Hands up for the Gaia hypothesis

  title={Hands up for the Gaia hypothesis},
  author={James E. Lovelock},
The concept of Gaia, a self-regulating Earth, excites both admiration and obloquy. Its inventor (or rather re-discoverer) describes the genesis and evolution of the hypothesis. 

Gaia and natural selection

  • T. Lenton
  • Psychology, Environmental Science
  • 1998
Evidence indicates that the Earth self-regulates at a state that is tolerated by life, but why should the organisms that leave the most descendants be the ones that contribute to regulating their

The Concept of ‘Gaia’

The Gaia theory of James Lovelock proposes that the Earth is a self-regulating system, or super-organism, maintaining conditions hospitable to contemporary planetary biota. Objections to this theory,

Lovelock ' s initial hypothesis

  • Geology
  • 2018
The Gaia hypothesis is an ecological hypothesis proposing that the biosphere and the physical components of the Earth (atmosphere, cryosphere, hydrosphere and lithosphere) are closely integrated to

The Environmental Battle Hymn of the Stoic God

In Stoic theology, the universe constitutes a living organism. Humankind has often had a detrimental impact on planetary health. We propose that the Stoic call to live according to Nature, where God

Economics of the Anthropocene: An Exploratory Essay

This essay summarizes some essential aspects of my recent contributions to ecological and evolutionary economics, in a way accessible to a general readership. I concentrate on the relationship

James Lovelock’s Gaia hypothesis: "A New Look at Life on Earth" ... for the Life and the Earth sciences

After a career as a chemist and engineer, James Lovelock proposed the Gaia hypothesis in the 1970’s with Lynn Margulis, a biologist. The hypothesis highlights the important influence that living


L'A. compare les hypotheses mecanistes de Teilhard de Chardin avec les theories contemporaines de l'evolution biologique. Il apparait que la nouvelle discipline proposee par le philosophe, la

Planetary History, Wallace, and Natural Selection

  • M. Flannery
  • Environmental Science
    Journal of Interdisciplinary History
  • 2012
Abstract Concerns about the anthropogenic ecological degradation of the planet—deforestation, species endangerment, pollution, and an increasing carbon footprint—have prompted numerous studies

Vernadsky's Biosphere Concept: An Historical Perspective

PERHAPS it is no accident that as we approach the end of this century, some ideas that had emerged at its beginning are being reexamined by the scientific community. Although they are rarely embraced



Geophysiology, the science of Gaia

The Gaia hypothesis postulates that the climate and chemical composition of the Earth's surface environment is, and has been, regulated at a state tolerable for the biota. This notion was introduced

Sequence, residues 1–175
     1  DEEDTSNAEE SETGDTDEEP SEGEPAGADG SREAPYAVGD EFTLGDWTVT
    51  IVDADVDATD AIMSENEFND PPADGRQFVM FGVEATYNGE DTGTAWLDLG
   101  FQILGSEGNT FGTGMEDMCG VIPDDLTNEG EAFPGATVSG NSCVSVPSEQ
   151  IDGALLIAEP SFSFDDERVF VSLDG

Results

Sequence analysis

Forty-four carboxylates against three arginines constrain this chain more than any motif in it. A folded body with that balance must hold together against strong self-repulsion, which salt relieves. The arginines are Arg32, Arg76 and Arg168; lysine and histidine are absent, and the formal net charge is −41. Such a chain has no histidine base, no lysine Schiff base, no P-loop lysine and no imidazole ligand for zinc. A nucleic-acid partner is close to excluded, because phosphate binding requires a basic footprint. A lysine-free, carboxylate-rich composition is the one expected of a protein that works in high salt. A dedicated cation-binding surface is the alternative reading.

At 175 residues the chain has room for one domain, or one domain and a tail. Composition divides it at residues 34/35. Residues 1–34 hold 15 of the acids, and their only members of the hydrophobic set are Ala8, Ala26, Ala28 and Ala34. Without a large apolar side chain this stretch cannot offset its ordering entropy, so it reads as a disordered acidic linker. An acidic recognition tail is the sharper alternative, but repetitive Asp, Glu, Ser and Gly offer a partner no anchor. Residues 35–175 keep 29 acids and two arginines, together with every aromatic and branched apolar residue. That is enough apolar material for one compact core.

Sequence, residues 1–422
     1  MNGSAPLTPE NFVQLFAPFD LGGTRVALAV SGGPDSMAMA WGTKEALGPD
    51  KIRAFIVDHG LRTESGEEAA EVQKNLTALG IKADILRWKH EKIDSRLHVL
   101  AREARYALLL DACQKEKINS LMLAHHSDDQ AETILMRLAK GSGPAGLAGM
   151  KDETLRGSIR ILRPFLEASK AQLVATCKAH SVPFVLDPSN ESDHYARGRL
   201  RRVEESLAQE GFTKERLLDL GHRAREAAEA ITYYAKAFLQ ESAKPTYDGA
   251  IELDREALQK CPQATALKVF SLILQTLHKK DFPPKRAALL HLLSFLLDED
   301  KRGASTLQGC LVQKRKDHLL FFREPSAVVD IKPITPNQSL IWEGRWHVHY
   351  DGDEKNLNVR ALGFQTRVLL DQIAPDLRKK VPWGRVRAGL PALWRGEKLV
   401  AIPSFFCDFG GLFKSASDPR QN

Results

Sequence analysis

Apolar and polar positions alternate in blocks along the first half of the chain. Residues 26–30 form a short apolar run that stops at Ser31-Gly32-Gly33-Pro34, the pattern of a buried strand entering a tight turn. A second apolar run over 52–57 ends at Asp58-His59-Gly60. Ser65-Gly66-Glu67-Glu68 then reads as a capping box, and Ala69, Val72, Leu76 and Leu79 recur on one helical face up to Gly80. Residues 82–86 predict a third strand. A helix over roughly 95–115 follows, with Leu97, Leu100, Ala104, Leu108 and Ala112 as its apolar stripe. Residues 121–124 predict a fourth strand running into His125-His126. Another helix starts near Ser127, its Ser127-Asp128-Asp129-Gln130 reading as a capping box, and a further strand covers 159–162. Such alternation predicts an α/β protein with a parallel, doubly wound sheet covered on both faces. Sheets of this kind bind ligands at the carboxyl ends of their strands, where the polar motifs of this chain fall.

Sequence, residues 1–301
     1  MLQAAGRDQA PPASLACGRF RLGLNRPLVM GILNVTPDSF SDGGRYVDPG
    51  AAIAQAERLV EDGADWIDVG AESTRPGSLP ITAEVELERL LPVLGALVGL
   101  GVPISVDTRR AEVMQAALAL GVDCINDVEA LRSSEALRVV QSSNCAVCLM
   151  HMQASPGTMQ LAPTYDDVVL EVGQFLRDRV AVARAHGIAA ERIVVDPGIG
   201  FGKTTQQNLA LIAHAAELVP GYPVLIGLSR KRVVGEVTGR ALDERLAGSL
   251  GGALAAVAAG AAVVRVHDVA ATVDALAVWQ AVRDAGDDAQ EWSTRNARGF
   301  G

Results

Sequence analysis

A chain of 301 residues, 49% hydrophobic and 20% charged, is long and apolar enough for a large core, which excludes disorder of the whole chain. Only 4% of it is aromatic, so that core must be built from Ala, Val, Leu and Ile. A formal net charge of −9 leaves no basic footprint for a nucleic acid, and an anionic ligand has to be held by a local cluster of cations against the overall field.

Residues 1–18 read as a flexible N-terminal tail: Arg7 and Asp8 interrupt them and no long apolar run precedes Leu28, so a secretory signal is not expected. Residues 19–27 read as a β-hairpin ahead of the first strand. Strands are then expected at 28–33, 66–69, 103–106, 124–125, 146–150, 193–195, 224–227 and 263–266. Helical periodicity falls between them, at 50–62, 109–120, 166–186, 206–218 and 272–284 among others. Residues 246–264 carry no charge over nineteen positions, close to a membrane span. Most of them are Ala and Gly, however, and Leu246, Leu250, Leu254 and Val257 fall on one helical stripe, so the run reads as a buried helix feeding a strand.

Unpleasant surprises in the greenhouse?

There is now clear evidence that changes in the Earth's climate may be sudden rather than gradual. It is time to put research into the build-up of carbon dioxide in the atmosphere on a better footing.

Life span of the biosphere

There has been life on Earth for at least 3,500 Myr but the assumption that a comparable future lies ahead may not be justified. Main sequence stars appear to increase their burning rate as they age.

The Chemical Evolution of the Atmosphere and Oceans

In this first full-scale attempt to reconstruct the chemical evolution of the Earth's atmosphere and oceans, Heinrich Holland assembles data from a wide spectrum of fields to trace the history of the

Biotic enhancement of weathering and the habitability of Earth

AN important question in the Earth sciences is the role of the biota in the chemical weathering of silicate rocks, which affects atmospheric CO2 and therefore climate1-10. No comprehensive study of

A negative feedback mechanism for the long‐term stabilization of Earth's surface temperature

We suggest that the partial pressure of carbon dioxide in the atmosphere is buffered, over geological time scales, by a negative feedback mechanism in which the rate of weathering of silicate

Elements of Physical Biology.

The author has the problem of evolution always before him, and considers analytically the effect on population of a change in the behaviour of individuals in Elements of Physical Biology.

Terrestrial feedback in atmospheric oxygen regulation by fire and phosphorus

  • L. Kump
  • Environmental Science
  • 1988
The regulation of atmospheric oxygen levels (pO2) occurs on million-year timescales and is effected by modulation of sedimentary organic carbon burial and weathering rates1,2. Until recently it was